The rising popularity of vapes has outpaced their regulation. State and local government and organizations have responded with regulation. Indeed, the Tobacco Control Act (2009) maintains the authority of state and local governments to enact policy in addition to or stricter than what currently exists. States like New York, Massachusetts, and Michigan have already enacted stricter anti-vaping legislation.

In May 2016, the FDA’s “deeming rule” went into effect, giving the FDA’s Center for Tobacco Prevention regulatory authority over all Electronic Nicotine Device Systems (ENDS) which include e-cigarettes, vapes, e-liquids, e-cigars, e-pipes, and e-hookahs. Vapes are now subject to regulations including minimum age restrictions, requirements to include a nicotine warning, premarket review of new tobacco products, and required disclosure of existing health information, including lists of ingredients and documents on health effects.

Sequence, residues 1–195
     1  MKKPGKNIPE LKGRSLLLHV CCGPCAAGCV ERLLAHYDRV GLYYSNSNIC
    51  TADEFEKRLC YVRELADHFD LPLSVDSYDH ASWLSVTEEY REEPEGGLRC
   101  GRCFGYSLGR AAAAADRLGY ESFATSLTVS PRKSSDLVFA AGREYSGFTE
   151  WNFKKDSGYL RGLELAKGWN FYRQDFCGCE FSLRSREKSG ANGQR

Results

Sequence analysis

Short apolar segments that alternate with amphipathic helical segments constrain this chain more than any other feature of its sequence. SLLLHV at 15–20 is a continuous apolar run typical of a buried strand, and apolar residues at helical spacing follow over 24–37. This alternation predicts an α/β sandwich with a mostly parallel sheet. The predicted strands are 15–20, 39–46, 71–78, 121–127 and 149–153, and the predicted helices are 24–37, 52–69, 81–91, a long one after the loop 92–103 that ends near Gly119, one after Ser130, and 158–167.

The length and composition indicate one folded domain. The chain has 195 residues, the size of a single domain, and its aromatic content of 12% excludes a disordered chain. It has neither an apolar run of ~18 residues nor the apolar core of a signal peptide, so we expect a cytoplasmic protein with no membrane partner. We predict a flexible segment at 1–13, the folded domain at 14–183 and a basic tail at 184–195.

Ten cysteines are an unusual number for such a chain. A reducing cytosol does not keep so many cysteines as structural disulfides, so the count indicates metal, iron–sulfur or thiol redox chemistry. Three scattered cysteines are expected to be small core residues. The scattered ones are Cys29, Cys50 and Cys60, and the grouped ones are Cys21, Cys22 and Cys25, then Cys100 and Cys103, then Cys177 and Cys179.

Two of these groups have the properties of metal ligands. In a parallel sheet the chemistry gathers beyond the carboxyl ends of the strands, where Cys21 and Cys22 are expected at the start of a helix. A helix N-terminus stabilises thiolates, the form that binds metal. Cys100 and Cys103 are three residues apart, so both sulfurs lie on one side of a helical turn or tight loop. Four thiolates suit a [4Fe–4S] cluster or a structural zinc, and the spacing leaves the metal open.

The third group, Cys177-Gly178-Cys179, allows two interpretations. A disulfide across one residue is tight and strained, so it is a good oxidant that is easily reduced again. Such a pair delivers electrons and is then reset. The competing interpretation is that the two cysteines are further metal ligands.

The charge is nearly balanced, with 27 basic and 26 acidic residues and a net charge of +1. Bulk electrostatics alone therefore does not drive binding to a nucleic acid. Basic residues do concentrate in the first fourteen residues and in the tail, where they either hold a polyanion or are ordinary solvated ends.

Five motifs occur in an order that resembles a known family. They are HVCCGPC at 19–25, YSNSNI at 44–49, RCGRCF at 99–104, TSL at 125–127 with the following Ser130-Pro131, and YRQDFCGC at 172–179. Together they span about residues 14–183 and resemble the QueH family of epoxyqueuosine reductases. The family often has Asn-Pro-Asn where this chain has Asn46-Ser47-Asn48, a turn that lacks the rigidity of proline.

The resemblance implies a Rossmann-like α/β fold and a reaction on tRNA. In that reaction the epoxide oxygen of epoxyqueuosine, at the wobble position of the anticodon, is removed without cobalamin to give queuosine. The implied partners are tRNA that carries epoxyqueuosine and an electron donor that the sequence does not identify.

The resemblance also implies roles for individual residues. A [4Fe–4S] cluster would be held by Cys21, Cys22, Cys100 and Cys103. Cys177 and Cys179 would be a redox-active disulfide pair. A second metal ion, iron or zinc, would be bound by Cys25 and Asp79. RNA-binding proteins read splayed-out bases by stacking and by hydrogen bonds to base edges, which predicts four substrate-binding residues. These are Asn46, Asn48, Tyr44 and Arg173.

As research unfolds, we are still learning about the negative consequences of vaping. Now is the time to take preventive measures to protect our communities and take action against youth vaping. Teens need the facts to help them make their own decisions to avoid vapes. Giving teens the tools and information they need to recognize risks is critical to the fight against youth vaping.

References:

  1. Cullen KA, Gentzke AS, Sawdey MD, et al. e-Cigarette Use Among Youth in the United States, 2019. JAMA. 2019;322(21):2095–2103. doi:https://doi.org/10.1001/jama.2019.18387
  2. U.S. Department of Health and Human Services (USDHHS). (2016). E-cigarette use among youth and young adults. A report of the Surgeon General. Atlanta (GA): U.S. Department of Health and Human Services, Centers for Disease Control and Prevention, National Center of Chronic Disease Prevention and Health Promotion, Office on Smoking and Health.